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post #63
bio: stu
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7/6/2005
00:14

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Life Goes to A Party
It's a month and a half later, and I have thus far avoided all conversation about my birthday party here on the robot--not because of a persistent sence of shame or guilt, but simply because I've found it impossible to be self-deprecating about it--and the only two emotions I can express around others are self-deprecation or disdain directed outwardly.

You can see how this could be an issue when the only possible emotions I could have following my birthday are shock and abject awe. In fact, I'm now trying to figure out how best to improve myself to one day be worthy of all the love and affection that was showered upon me that distant weekend. I felt for a decent portion of the evening a sense that I should apologize to the party-goers...they couldn't possibly have been there for me, and the real reason they were there must invariably show up at any moment. That feeling came and went in waves until the last guest was shuttled out the door and I passed out on the couch still wearing my shoes, a big doopy grin on my face and an empty bottle of vodka in front of me.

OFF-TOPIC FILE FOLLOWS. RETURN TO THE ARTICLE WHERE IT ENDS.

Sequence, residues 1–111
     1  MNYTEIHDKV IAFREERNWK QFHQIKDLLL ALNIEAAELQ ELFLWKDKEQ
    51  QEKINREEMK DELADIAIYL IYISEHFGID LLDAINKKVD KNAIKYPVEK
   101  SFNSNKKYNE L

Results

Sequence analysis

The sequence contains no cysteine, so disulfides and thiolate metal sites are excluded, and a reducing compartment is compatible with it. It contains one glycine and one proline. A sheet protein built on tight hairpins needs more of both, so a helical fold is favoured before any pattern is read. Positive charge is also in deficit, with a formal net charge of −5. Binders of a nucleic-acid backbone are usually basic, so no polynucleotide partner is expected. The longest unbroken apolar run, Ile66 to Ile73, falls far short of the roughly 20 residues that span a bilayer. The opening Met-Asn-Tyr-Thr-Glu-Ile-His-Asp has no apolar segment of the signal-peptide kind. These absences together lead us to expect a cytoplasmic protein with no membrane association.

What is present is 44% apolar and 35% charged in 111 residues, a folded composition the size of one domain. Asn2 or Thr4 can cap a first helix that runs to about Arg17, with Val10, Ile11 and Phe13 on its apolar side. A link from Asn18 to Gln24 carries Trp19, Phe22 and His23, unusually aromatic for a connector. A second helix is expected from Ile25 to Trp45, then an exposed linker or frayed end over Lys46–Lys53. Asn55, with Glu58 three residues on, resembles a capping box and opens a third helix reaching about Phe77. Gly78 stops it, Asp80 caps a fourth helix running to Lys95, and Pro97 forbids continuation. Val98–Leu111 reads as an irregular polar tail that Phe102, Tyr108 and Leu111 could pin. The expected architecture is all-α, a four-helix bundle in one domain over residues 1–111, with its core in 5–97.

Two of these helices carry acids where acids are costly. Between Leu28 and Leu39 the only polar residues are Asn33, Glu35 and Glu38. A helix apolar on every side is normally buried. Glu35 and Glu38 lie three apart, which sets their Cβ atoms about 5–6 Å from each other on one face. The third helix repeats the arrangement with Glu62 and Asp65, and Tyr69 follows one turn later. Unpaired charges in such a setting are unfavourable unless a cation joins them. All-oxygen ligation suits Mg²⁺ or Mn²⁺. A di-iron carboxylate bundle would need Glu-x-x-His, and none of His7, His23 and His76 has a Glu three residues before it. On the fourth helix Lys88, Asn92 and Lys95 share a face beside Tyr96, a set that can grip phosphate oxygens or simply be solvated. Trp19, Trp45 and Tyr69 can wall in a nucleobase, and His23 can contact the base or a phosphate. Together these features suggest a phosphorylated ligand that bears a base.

It was a good party, which is surprising because I don't tend to be a good party thrower. I have, however, been to enough bad parties to pick up a little of what not to do to avoid having one of those parties that stays cliquey and which you wind up talking to that girl interning with the prostate specialist--because she's the most interesting person there!--while people plink out Charles Ives tunes on the piano.

You know the parties I'm talking about.

You may in fact have different standards as to what makes a good party--maybe for you a good party is one where people stumble to the subways at 4am, to ride home in a puddle of their own urine. Maybe it's those parties where the attendees eventually pass out on your floor in a puddle of someone else's urine. The important thing is for you to provide an atmosphere wherein passing out in micturition of indeterminate origin is a logical end to the evening.

Some tips: